Colonel Stevenson left for Los Angeles accompanied by Jesse Hunter, William Hyde and Horace Alexander. During the day an Indian was tied to a gun and given 50 lashes by order of Lt. Cliff. Robert S. Bliss comments, "Poor fellows, they are the greatest slaves I ever saw here and in the most abject poverty occasioned by Catholic religion & I have no doubt God who is just will bring the Spanish nation to an account for their abuse to the Lamanites from the days of Montezuma until the present time; when he weighs the nations in the balance then we who have suffered so much will bring in our acct."
Source: 150 Years Ago Today ©These materials have been created by David R. Crockett. Copies of these materials may be reproduced for teacher and classroom use. When distributing these materials, credit must be given to David R. Crockett. These materials may not be published, in whole or part, or in any other format, without the written permission of Mr. Crockett, Tucson Az, firstname.lastname@example.org.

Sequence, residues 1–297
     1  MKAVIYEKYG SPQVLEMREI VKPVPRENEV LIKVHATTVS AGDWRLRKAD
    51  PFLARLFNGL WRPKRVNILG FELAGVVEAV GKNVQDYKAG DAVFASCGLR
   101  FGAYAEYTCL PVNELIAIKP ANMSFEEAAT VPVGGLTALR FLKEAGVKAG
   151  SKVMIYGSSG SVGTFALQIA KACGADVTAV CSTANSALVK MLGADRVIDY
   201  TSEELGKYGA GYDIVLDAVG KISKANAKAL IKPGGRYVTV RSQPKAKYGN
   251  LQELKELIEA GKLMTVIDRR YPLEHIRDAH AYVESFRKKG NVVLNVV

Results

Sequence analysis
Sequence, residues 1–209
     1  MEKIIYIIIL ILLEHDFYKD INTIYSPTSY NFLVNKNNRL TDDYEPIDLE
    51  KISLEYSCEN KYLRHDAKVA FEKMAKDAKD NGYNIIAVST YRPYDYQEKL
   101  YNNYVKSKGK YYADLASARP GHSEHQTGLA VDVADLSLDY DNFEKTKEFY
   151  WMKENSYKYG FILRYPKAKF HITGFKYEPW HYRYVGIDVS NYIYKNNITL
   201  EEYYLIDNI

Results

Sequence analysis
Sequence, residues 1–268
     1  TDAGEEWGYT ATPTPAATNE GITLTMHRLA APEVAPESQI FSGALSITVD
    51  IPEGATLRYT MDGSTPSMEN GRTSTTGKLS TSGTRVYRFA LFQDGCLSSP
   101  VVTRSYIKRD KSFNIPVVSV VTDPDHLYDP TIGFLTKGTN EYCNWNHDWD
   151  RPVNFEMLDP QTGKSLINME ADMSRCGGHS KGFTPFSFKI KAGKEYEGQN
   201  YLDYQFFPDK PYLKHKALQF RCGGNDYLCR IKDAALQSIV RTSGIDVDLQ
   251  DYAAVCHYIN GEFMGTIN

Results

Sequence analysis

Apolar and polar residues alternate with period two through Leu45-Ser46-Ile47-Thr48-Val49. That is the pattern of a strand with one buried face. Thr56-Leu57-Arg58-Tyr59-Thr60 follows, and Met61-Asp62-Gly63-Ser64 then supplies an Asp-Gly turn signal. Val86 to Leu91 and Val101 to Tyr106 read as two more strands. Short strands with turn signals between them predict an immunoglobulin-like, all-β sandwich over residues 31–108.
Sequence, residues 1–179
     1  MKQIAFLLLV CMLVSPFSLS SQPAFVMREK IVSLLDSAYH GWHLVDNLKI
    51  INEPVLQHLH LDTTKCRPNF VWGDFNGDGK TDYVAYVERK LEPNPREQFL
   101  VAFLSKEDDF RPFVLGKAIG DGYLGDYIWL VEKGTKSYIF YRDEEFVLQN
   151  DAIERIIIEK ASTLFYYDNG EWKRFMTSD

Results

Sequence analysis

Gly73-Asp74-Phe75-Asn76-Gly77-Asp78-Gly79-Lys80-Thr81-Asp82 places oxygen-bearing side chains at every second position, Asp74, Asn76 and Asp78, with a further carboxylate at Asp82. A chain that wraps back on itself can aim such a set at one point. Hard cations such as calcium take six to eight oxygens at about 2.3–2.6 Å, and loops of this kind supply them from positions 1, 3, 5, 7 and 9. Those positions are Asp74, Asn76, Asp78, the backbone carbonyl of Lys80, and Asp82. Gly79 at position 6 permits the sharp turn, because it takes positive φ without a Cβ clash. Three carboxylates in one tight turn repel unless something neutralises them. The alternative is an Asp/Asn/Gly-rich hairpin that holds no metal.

- Howard Egan Diary, Pioneering the West, 84-5
- Wilford Woodruff's Journal, 3:215
- Erastus Snow Journal Excerpts, Improvement Era 15:246-47
- The Journal of Nathaniel V. Jones, Utah Historical Quarterly, 4:20
- Sarah Rich Autobiography, typescript, BYU-S, p.72
- Jesse W. Crosby Journal, typescript, BYU, 34
- Cook, Joseph C. Kingsbury, 117
- Beecher, ed., The Personal Writings of Eliza Roxcy Snow, 180-81, 290
- Bagley, ed., The Pioneer Camp of the Saints, 202
- The Journal of Robert S. Bliss, Utah Historical Quarterly, 4:96
- Appleton Milo Harmon Goes West, 37
- Kelly, ed., Journals of John D. Lee, 1846-1847 and 1859, 180
- William Clayton's Journal, 263-66